Article ID: oa.19-00080
Purpose: Smoking is reported to be a risk factor for postoperative complications. However, there is no consensus regarding the length of time for which patients need to give up smoking. Therefore, we examined the relationship between preoperative smoking status and postoperative complications in patients who underwent lobectomy for treatment of lung cancer.
Methods: Between January 2009 and December 2014, 1380 patients underwent lobectomy for lung cancer at our institution. After excluding patients who had undergone induction therapy, 1248 patients were enrolled in this study. We examined the relationship between postoperative complications and preoperative smoking habitation.
Results: Among the enrolled patients, 1210 (97%) underwent video-assisted thoracoscopic lobectomy and 38 (3%) underwent lobectomy via open thoracotomy. The incidence of postoperative complications was higher in smokers than in nonsmokers, and the frequency of respiratory-related complications increased along with the number of pack-years. However, there was no relationship between the length of the preoperative smoking cessation period and the frequency of postoperative complications.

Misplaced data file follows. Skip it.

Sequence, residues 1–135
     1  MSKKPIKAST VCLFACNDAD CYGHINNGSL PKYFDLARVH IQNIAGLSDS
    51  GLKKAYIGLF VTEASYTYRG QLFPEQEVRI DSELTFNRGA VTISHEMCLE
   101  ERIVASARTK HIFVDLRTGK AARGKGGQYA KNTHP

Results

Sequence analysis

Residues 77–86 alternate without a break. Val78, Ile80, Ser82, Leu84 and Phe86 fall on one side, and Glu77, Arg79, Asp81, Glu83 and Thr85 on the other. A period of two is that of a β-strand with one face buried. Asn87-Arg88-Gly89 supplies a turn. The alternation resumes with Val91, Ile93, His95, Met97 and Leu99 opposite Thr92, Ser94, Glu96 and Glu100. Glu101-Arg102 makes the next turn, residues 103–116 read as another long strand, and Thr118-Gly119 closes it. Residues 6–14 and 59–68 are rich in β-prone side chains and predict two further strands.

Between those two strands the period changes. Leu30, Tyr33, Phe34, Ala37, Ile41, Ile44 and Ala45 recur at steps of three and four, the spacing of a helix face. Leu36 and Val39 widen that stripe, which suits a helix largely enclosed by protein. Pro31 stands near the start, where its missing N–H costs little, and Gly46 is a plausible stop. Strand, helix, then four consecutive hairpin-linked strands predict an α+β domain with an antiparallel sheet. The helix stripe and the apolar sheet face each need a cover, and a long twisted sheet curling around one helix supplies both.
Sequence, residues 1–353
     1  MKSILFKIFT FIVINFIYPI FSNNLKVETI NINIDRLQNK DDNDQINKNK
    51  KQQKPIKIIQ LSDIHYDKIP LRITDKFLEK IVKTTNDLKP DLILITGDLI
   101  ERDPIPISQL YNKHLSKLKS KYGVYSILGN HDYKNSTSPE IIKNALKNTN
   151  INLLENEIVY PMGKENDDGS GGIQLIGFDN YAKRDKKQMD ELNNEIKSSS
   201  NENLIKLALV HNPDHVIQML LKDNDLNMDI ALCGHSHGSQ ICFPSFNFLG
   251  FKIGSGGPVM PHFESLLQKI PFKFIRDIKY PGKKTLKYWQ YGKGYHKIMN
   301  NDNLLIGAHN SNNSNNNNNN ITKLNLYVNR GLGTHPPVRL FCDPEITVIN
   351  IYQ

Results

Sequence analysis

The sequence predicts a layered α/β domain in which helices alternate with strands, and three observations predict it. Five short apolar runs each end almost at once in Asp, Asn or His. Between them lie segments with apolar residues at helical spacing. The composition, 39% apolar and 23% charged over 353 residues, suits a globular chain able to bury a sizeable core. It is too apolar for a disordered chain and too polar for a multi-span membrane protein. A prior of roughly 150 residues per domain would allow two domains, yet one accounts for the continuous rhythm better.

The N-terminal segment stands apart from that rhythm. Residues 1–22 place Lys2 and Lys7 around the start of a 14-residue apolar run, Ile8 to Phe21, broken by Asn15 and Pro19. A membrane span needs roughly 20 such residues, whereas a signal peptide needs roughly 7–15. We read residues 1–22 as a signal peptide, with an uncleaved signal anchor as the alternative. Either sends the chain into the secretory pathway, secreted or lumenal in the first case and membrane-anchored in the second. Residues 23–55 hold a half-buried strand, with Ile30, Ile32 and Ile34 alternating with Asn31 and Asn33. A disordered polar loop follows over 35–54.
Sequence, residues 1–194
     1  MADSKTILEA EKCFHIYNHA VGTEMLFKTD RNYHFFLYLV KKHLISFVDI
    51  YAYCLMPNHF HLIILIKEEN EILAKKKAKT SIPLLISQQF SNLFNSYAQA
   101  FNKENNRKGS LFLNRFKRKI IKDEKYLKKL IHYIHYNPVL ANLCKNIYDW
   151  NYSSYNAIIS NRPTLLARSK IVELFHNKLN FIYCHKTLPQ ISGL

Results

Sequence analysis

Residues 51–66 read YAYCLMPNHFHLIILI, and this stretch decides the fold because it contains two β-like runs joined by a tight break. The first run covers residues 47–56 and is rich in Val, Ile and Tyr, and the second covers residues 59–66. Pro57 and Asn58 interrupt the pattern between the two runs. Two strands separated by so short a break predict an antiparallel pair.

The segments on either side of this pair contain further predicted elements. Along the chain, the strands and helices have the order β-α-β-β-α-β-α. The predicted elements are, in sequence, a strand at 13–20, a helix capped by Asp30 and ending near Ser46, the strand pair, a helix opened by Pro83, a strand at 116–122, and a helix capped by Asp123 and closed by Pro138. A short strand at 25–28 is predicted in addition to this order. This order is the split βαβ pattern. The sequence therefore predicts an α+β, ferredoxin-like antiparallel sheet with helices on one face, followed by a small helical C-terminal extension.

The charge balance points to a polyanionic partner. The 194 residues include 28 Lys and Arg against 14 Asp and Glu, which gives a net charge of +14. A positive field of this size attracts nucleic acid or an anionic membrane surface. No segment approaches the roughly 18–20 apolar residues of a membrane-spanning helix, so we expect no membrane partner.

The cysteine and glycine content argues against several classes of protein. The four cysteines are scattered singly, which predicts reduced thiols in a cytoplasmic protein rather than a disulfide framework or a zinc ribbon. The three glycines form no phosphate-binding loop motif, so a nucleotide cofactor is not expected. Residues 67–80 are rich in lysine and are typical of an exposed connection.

Conclusion: The risk of postoperative complications does not increase even if smoking is continued within 2 weeks before surgery. It seems unnecessary to delay the timing of surgery to allow patients to cease smoking, especially those scheduled for thoracoscopic surgery.